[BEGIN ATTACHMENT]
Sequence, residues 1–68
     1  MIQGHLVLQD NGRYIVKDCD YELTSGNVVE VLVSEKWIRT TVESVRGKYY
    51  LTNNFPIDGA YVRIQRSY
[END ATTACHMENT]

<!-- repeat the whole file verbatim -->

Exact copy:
Sequence, residues 1–68
     1  MIQGHLVLQD NGRYIVKDCD YELTSGNVVE VLVSEKWIRT TVESVRGKYY
    51  LTNNFPIDGA YVRIQRSY